Chapter 33

Chapter 33


We spent the night at a Best Western in Vicksburg, Mississippi. And the Days Inn across the street, when we overflowed the Best Western. And a Holiday Inn, when the Best Western was full. We had picked up cars along the way, and there were now more than a hundred people in forty cars, vans, pickup trucks, RVs, two motorcycles, and a hearse. Many of the vehicles were gaily painted with multicolored mushroom clouds and yellow-and-purple radiation warning symbols. One RV was B-29 brown, with a smiling, hat-tipping A-bomb painted on the side. Not surprisingly, it was named Enola Gay. A panel van featured a map of New York city on the side, with ground zero clearly marked in the center of a series of concentric rings and an X at the 1000 meter circle proclaiming “You are here.” The hearse was rigged with yellow and purple neon running lights, and carried a coffin which glowed green in the dark. At dinner, someone handed me a pair of two-foot long tubes containing chemical lights; one glowed purple, and one yellow. I twined them together in a shape reminiscent of electrons circling a nucleus and hung them around my neck, as some of the others had.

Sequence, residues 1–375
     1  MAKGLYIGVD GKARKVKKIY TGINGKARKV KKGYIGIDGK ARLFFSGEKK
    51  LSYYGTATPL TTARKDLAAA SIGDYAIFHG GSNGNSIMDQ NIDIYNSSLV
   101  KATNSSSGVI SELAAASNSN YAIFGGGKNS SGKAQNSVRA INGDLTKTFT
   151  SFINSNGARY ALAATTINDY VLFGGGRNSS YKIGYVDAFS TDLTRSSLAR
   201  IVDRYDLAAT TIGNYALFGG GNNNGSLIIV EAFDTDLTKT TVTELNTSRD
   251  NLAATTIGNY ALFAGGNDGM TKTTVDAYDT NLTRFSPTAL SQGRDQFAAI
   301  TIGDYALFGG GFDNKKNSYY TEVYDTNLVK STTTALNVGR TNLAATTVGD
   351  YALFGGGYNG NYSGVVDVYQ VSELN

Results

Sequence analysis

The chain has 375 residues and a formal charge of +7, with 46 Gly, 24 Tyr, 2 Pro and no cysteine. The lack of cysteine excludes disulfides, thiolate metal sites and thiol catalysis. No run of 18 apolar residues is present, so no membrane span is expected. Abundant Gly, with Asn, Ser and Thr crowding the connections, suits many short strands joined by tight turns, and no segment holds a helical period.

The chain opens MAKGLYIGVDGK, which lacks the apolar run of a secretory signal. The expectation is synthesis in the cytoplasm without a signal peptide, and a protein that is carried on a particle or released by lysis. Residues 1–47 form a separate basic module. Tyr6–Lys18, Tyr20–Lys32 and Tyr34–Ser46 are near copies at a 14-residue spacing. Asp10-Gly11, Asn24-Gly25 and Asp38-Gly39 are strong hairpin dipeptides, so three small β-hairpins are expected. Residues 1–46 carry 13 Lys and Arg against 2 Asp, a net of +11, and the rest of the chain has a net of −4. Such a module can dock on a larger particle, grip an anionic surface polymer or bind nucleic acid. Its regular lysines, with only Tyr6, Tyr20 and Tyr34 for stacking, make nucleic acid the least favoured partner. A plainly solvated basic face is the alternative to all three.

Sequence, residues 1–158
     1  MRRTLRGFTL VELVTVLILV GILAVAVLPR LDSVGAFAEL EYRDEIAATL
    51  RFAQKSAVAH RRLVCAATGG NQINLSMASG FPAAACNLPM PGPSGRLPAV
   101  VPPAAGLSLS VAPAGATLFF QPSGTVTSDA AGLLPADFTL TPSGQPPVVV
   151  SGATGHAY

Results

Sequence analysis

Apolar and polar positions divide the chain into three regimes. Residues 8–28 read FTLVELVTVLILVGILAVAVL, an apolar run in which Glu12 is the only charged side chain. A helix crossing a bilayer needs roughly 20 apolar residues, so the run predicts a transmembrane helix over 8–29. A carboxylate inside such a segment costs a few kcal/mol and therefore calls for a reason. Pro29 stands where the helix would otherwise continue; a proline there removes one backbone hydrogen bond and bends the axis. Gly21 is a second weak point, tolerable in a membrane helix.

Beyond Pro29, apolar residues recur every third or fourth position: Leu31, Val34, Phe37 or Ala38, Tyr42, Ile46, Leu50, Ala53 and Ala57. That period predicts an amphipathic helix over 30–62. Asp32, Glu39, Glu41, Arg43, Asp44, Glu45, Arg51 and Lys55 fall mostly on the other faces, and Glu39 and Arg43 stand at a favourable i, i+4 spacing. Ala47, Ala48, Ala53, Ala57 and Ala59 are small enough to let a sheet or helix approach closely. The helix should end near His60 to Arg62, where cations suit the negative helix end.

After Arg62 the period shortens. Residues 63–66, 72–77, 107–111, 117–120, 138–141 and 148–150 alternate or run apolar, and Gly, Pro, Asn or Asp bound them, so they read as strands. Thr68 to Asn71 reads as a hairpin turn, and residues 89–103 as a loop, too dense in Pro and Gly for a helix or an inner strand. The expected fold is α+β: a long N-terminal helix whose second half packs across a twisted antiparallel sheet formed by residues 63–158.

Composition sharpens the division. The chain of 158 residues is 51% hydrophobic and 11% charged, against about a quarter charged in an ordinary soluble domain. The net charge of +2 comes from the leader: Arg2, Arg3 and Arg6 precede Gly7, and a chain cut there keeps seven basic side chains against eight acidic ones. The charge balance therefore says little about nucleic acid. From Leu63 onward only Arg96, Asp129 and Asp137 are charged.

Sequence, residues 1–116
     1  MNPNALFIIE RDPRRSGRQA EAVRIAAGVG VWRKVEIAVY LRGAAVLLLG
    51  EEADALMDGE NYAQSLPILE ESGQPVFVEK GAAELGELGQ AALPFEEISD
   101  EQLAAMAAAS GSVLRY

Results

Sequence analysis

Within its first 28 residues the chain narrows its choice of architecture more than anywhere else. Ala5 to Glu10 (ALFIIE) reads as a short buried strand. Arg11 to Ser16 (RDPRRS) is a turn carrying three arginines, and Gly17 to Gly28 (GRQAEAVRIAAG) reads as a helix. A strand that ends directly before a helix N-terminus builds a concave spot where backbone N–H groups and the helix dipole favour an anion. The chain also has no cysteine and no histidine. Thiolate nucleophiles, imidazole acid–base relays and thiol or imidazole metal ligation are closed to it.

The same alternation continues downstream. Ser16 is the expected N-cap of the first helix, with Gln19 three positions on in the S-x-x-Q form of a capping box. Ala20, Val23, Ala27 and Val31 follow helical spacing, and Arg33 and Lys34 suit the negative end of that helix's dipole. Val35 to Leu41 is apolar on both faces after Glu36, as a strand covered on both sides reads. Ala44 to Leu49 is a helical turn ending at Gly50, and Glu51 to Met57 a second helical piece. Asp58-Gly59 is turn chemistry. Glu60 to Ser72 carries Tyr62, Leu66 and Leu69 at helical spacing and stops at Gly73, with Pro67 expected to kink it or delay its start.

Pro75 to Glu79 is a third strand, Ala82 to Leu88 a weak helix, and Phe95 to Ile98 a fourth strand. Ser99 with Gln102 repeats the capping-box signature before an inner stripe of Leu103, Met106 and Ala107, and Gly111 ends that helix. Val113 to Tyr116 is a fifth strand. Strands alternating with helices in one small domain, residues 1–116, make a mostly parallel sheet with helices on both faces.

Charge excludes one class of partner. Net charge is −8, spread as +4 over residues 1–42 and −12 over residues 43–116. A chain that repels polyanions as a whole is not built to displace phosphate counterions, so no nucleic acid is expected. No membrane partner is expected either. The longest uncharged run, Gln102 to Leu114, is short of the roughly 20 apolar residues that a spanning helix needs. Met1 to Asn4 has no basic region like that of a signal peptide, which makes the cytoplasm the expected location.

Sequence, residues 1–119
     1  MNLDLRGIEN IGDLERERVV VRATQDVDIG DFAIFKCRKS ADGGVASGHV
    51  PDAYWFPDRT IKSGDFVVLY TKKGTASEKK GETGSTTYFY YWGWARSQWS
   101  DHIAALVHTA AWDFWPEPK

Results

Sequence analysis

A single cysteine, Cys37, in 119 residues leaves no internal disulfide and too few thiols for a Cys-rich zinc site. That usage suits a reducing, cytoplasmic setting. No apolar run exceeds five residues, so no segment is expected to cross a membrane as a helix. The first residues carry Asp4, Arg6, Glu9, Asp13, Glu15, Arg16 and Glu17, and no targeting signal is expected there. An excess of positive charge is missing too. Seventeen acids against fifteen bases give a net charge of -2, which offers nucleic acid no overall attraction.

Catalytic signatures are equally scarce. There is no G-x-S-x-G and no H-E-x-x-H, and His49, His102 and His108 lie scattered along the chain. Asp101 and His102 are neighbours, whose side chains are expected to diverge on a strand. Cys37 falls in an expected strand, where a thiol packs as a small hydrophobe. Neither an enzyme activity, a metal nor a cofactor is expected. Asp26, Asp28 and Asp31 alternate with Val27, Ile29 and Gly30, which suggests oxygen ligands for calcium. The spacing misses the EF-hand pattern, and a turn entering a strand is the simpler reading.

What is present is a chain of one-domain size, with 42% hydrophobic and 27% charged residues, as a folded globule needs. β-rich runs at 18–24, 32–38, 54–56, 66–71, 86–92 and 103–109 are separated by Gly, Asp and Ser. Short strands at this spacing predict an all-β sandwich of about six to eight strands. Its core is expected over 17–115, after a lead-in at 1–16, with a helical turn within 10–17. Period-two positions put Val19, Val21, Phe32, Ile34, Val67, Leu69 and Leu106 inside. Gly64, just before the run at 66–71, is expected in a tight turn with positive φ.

The clothing was colorful as well. It ran mostly to designer labels on shoes and t-shirts with every kind of slogan, from “We don’t care. We don’t have to care. We’re Exxon.” to Lobotomies for Republicans: It’s the law.” to a Laurel and Hardy t-shirt with that slimebucket Ollie North as Laurel and Rush Limbaugh as Hardy. Summer/Julia was wearing a big button that read “How dare you presume I’m not transsexual.” One woman had a Reddy Kilowatt tattoo. Another was wearing earrings with glowing purple and yellow LEDs. There were guitars and harmonicas and tambourines and bare feet. All in all, I felt almost as if I were part of the Merry Pranksters; maybe that magazine article hadn’t been too far off, after all. We lacked only a day-glow painted school bus. It arrived about sundown.